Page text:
Mayer explains a somewhat arcane point of constitutional law that clearly drives this movement for voter suppression: “for conservative state legislators to reëngineer the way the Electoral College has worked for more than a hundred years, in essence by invoking the Independent Legislature Doctrine. The Constitution gives states the authority to choose their Presidential electors “in such Manner as the Legislature thereof may direct.” Since the late nineteenth century, states have delegated that authority to the popular vote. But, arguably, the Constitution permits state legislatures to take this authority back. Legislators could argue that an election had been compromised by irregularities or fraud, forcing them to intervene.”

I hope my summary encourages you to read the whole story or at the very least listen to Jane Mayer interviewed about the story by Terry Gross for “Fresh Air.”

Some other excellent stuff in the magazine this week:

  • it feels a little weird to refer to David Sedaris’s writing as “sweet,” but “Happy-Go-Lucky,” his remembrance of the last chapter in the life of his father, who died recently, is remarkably affectionate and, we could say, forgiving;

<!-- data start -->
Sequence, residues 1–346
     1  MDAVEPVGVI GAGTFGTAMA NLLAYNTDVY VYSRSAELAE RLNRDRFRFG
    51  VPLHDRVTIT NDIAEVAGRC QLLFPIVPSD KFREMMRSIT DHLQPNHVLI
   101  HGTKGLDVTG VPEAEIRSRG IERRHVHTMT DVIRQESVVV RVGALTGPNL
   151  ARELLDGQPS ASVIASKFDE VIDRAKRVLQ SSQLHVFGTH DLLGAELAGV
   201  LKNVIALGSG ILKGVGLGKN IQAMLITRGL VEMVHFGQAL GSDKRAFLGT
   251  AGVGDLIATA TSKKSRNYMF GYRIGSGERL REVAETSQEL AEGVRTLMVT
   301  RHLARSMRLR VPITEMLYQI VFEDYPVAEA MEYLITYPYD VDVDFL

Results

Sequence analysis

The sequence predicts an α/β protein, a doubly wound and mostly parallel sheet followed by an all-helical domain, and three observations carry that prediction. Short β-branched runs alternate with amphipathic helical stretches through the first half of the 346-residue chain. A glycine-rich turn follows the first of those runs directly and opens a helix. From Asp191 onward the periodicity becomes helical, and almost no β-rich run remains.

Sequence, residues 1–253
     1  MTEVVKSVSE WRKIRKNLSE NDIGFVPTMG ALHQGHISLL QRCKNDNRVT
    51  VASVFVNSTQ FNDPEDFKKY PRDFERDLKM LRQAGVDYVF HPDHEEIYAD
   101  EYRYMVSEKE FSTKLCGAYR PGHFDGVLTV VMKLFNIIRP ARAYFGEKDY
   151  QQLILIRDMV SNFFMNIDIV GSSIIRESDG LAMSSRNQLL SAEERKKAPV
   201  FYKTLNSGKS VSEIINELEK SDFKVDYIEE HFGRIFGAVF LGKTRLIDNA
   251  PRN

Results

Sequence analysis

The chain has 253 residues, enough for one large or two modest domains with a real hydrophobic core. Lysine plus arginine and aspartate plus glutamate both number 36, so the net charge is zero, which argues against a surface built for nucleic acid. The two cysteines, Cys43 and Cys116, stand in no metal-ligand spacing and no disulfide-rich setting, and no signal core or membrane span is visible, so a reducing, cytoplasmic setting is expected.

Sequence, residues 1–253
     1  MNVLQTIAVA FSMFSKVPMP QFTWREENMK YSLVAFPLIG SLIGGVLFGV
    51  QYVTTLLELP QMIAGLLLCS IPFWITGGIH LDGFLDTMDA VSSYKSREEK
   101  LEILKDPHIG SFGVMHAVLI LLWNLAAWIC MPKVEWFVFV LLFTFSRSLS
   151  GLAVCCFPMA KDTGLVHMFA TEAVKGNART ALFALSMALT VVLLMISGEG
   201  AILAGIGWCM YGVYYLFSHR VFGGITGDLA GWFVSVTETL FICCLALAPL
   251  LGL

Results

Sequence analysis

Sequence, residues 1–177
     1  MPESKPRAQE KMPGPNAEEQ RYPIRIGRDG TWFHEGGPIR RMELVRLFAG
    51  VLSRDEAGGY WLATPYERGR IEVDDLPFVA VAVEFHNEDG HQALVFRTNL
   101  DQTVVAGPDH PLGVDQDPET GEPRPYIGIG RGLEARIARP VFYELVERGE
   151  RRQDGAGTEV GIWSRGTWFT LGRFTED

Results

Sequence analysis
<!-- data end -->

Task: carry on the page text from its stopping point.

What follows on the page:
• “Manufacturing Nature,” Eric Klinenberg’s article about Kate Orff, a landscape architect who has made a tremendous impact on New York’s aquatic ecosystem, including using oyster reefs to mitigate storm surges; and
  • “On an Epic Scale,” a profile of epochal painter Kerry James Marshall (see his “Past Times,” below) by the great chronicler of artists, Calvin Tomkins.


Culture Vulture: Deana Lawson and Wu Tsang at the Guggenheim

August 4, 2021

Sunday afternoon expedition to the Guggenheim to check out both the Deana Lawson show (Jenna Wortham’s profile in the New York Times Magazine had whetted my appetite) and the Wu Tsang film installation Anthem, featuring the ethereally gorgeous music and visage of Beverly Glenn-Copeland. The latter dominates the rotunda as soon as you walk in and accompanies you throughout your visit.

The Deana Lawson show on the top floor displays her winning submissions to the 2020 Hugo Boss Prize.